We are able to manage the stress effects on the body to a limited degree through proper diet, rest and exercise. We cannot prevent a disease from occurring but, to a limited degree, we can treat many diseases and restore the integrity of the body. When we refer to stress, therefore, we usually refer to psychological stress or stress of the mind. This is not easily reached, diagnosed, or treated. This is the most disturbing stress for, regardless of whether it manifests a measurable stress on the body, it is so close to our awareness that it demands immediate attention. This paper will focus on mental stress and the only effective way it can be addressed – through strengthening personal resolve and personal confidence. It will recognize that such stress is not a measure of a person`s weakness, but is a reminder of our general ignorance in a world of vast uncertainty and instability. As Albert Einstein said when complimented by a reporter for his great wisdom, “My son, the difference between what I know and what you know is infinitesimal compared to the difference between what I know and what I still do not know.” Stress of the mind, therefore, is an inevitable experience for anyone with a desire to reach beyond existing limits or for those who live in a reality of enormous change and undeserved impositions.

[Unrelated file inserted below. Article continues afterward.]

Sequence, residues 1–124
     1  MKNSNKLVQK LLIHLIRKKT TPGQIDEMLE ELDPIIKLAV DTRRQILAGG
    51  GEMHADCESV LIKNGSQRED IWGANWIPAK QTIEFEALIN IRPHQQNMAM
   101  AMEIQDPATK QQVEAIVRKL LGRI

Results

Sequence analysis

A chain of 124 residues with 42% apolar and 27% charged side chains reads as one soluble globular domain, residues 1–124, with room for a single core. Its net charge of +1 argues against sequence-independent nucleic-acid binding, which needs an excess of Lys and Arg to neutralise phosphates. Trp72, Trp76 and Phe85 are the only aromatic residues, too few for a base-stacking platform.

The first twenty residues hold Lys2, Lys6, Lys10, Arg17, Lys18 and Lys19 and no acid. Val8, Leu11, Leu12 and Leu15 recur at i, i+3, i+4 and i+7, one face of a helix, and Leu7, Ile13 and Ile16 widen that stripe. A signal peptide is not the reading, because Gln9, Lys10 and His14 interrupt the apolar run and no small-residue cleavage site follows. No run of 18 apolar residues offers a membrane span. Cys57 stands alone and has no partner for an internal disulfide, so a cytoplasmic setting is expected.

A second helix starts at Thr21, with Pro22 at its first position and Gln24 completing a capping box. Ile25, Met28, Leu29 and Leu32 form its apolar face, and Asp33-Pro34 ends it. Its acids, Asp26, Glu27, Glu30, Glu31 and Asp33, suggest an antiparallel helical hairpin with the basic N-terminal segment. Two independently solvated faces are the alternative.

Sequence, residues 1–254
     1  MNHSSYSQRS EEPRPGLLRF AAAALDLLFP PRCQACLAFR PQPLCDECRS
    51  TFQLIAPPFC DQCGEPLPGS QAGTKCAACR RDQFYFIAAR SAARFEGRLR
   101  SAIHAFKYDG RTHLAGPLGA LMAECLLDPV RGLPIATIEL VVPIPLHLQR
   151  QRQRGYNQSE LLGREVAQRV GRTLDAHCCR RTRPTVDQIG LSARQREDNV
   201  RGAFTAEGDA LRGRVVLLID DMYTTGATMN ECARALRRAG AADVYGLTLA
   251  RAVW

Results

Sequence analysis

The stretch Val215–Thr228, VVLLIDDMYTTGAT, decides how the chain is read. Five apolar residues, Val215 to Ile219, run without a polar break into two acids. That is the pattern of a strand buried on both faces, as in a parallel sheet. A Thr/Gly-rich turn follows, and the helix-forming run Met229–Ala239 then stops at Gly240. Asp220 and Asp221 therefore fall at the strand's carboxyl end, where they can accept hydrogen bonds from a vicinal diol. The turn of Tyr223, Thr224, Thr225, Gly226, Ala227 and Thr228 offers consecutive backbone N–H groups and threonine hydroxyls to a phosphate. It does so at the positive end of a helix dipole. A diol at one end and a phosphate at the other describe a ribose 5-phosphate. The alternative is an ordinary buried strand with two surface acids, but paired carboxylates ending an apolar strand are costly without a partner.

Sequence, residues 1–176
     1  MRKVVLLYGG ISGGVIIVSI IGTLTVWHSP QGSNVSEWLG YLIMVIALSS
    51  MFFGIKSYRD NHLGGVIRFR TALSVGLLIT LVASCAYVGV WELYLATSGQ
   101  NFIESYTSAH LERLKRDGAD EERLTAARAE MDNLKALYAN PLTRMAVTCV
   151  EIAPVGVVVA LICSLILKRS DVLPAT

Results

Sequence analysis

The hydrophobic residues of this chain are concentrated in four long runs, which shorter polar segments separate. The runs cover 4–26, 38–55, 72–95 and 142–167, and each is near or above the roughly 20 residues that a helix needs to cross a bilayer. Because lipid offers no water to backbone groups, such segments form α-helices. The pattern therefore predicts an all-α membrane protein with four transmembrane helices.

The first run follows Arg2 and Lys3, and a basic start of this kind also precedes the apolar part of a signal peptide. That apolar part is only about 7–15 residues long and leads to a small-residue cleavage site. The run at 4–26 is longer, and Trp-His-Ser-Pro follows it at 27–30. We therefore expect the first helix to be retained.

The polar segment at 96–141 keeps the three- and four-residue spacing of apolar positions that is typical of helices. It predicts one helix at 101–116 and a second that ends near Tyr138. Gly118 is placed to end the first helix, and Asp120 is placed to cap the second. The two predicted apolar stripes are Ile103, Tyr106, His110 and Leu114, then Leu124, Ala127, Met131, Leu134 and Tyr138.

The stressed mind cannot be healed by treating the behavioural maladaptations it manifests through the body. The traditional approach to ‘fixing` the wounded psyche through suppressing the emotional pain with drugs and measuring success through observation of behaviour changes can thus be self-limiting, misleading or ineffective. Remember, Freud once thought cocaine to be the wonder drug. Heroin was once included in some over the counter remedies. Diazepams and now serotonin enhancers are claiming this position. Yet, we can see from past experience that the psychological distortion ‘apparently` returns after seeming to respond to our manipulation of the secondary biochemical distortion or our suppression of the emotional pain. We must consider, however, that the human psyche is closely associated with the human body. A distressed psyche will attempt to compensate for its distortion by straining the resources of the body. Anyone can attest to the biochemical or physiological distortions that can arise from worry, anger, or fear. In fact, it is not altogether different from the back pain that can arise as the body compensates for an injured leg. As a result, a psychological distortion can evoke a biochemical distortion. Therefore, we must not be fooled into believing that, by treating a concomitant biochemical disorder, we have also healed the distressed psyche.